News and journalistic sources

For the last few years, news sites have become a powerful supplement to regular periodicals and television news programs. For example, while watching a news story on CNN, you can turn to your computer and go to CNN Interactive to find a list of related Web sources, watch or listen to simulcasts of important related events as they happen, and download pictures. Magazines like the Atlantic Monthly maintain sites (see The Atlantic Unbound) where readers can discuss articles in message forums, contact the author of an article, find updates to older articles, and search the publisher's archives.

News sources are good for looking deeper into a story with late breaking, specialized, or interactive information which often cannot be crammed into the confines of programming schedules and printed space. They are also good for finding archival transcripts of full articles. In general, however, they are bad sources to cite in an academic paper for the simple reason that information posted on news sites is ephemeral. Because news sites have to be updated constantly, the article that you cite in a paper this week, may be moved to a different URL or deleted entirely by next week. Some readers may also prefer to have a citation from the original publication. If there is a printed version of an article you find on a news Web site available at the library, find the printed version and cite it instead.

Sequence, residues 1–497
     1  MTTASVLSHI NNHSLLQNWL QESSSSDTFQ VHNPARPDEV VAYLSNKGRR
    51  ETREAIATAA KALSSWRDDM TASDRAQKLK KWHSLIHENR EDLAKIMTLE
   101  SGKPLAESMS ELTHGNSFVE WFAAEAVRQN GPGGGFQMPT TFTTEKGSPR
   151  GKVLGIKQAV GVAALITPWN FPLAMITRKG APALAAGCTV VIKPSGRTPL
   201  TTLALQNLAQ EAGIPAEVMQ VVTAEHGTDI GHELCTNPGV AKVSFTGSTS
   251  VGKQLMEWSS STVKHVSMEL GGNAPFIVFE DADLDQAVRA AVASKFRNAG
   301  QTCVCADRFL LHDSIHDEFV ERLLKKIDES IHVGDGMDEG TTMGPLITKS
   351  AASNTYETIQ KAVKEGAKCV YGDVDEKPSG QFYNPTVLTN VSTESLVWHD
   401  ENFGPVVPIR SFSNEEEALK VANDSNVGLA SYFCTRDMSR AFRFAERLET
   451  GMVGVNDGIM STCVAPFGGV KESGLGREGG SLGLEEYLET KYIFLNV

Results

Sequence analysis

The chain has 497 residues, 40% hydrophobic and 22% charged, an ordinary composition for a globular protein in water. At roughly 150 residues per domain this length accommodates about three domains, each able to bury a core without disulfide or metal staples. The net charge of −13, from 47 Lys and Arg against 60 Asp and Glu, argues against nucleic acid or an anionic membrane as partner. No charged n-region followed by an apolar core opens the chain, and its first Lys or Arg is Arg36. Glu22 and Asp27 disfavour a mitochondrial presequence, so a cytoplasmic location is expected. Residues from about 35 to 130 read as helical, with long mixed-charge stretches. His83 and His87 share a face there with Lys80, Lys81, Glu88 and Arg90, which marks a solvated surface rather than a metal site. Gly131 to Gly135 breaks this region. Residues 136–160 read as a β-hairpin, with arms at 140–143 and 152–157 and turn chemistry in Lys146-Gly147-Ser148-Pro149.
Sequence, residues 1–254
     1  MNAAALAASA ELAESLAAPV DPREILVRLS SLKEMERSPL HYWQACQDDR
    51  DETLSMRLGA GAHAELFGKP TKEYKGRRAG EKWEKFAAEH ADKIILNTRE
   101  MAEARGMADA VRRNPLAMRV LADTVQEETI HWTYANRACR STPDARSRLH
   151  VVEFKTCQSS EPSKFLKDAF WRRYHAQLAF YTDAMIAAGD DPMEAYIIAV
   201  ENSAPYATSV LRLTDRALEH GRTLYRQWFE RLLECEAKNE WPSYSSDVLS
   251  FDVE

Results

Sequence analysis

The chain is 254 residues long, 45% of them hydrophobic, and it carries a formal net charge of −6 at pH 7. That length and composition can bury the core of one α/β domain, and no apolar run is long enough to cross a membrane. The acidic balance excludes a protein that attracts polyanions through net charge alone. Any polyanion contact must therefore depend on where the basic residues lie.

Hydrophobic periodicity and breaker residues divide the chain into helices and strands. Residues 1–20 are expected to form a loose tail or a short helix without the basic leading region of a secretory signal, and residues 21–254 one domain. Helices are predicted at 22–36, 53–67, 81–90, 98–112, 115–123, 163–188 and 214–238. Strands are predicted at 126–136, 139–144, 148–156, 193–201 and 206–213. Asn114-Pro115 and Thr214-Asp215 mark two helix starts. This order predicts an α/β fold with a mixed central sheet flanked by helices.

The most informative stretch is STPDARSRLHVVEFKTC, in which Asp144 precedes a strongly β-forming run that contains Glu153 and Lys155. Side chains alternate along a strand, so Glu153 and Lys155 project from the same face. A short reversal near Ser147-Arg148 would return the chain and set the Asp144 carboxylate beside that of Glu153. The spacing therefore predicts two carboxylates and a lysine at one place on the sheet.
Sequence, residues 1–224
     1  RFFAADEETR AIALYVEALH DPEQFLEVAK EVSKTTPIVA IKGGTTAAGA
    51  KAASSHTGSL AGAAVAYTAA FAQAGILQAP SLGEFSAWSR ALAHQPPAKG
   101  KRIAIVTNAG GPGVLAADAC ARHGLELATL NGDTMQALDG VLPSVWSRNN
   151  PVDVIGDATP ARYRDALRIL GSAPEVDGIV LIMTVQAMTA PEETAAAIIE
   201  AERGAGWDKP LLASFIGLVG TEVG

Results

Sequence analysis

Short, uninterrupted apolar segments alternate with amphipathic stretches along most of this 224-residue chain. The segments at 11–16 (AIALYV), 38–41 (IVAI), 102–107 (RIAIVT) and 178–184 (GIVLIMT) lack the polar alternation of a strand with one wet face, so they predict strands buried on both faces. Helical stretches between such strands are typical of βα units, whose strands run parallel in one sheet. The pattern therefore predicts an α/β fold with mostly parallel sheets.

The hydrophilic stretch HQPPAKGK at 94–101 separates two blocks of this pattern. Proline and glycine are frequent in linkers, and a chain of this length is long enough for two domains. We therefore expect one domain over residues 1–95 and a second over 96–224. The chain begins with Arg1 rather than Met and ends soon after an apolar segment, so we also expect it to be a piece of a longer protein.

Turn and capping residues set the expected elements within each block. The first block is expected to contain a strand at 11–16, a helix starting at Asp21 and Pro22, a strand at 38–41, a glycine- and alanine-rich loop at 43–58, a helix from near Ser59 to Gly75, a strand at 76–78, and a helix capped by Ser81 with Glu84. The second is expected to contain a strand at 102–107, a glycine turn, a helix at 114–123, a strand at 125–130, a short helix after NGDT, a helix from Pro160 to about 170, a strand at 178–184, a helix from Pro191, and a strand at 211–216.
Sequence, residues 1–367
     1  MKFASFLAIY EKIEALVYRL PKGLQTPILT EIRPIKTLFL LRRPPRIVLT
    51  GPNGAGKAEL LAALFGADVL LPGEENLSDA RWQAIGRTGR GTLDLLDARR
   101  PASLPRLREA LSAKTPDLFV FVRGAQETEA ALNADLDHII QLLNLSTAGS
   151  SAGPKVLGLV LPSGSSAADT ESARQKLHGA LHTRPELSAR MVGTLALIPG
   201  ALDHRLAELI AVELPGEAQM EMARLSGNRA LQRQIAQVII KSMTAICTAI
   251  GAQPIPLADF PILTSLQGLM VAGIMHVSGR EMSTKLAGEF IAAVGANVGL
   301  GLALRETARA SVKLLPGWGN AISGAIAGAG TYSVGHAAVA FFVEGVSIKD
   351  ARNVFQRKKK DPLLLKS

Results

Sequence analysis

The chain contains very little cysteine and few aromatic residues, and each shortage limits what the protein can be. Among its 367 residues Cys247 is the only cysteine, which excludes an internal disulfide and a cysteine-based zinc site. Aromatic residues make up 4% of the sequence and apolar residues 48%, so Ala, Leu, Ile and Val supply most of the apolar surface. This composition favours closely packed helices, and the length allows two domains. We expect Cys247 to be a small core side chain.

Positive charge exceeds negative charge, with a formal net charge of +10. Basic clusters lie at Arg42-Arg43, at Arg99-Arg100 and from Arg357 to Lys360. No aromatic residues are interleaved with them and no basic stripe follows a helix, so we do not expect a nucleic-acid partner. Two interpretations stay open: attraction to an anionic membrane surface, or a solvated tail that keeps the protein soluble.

Accuracy and authority issues often apply with Web news sources as well. Examine the four sites below. Which would be reliable sources and why? How might you use these sources?

















Version 1.2
© Copr. 1997 Craig Branham
BRANHACC@SLU.EDU
Saint Louis University
Created: 27-March-97
Last Modified: 24-Oct-97

URL for this Document: http://www.slu.edu/departments/english/research/page2.html